1991 Hungarian Grand Prix
- Sunday, August 11, 1991
- Magyar Nagydij
- F1 World Championship
It used to be British Formula Three races -- short 20 lappers -- in which the start was all important. Today, there are Grand Prix races that are like that. Monaco is one, the Hungarian the other.
A paradox? On the face of it, yes. No two circuits could look more dissimilar, yet have so much in common. The Hungaroring may appear an open track, but with its low grip surface it actually demands more downforce than the Principality. Given the layout of the 2.465 mile venue, the dramatic reduction in braking distances brought about by carbon discs, and that need for so much downforce, overtaking opportunities are as rare as hen's teeth. The start was thus paramount.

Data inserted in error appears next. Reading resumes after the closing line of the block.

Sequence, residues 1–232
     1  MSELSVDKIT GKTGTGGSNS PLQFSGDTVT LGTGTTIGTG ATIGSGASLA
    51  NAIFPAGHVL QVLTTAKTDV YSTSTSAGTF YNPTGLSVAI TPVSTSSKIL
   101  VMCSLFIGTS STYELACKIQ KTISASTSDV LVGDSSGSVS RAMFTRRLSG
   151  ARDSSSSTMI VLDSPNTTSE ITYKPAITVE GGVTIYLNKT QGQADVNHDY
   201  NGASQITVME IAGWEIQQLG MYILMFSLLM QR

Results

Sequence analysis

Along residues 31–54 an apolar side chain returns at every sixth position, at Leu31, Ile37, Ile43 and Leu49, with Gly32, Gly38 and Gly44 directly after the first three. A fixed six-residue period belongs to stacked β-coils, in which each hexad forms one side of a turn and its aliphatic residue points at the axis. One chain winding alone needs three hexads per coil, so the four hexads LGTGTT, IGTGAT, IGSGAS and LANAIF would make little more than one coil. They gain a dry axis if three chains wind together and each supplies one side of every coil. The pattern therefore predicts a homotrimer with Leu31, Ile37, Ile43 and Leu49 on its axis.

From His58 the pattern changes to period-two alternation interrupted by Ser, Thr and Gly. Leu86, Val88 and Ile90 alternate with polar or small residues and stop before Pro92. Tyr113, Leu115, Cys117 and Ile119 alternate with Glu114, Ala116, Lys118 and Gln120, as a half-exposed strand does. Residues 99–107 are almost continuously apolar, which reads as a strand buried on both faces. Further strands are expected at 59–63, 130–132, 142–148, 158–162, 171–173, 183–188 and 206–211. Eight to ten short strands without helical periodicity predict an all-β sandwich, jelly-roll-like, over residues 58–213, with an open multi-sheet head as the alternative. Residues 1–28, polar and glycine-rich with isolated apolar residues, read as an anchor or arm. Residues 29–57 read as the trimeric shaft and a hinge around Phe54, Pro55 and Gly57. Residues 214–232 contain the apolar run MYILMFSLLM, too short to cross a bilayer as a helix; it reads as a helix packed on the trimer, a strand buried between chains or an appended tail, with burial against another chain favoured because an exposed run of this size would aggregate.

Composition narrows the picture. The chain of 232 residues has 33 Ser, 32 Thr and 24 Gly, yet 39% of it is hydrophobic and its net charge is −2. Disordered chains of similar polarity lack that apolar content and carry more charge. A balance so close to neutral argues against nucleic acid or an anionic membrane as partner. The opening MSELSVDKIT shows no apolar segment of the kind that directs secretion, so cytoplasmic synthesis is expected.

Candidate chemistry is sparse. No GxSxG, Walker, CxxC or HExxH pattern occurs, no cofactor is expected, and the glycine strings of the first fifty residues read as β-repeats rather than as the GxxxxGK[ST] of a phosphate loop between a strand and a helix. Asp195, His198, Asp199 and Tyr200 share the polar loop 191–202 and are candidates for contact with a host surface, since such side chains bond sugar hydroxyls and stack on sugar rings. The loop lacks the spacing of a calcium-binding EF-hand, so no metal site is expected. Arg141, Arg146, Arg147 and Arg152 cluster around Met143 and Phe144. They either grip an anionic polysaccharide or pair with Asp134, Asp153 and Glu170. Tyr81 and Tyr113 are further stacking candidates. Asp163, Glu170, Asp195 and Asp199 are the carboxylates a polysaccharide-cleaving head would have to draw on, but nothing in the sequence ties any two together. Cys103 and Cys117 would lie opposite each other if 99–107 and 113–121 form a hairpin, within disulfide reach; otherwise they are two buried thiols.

Before the race meeting, the betting men of F1 were busy saying how easy this one was going to be for Williams-Renault. After all, hadn't Patrese dominated the 1989 event until his engine overheated after debris had punctured a radiator? Hadn't Boutsen won in 1990 in the generally unloved FW13B? To many, the result seemed a foregone conclusion.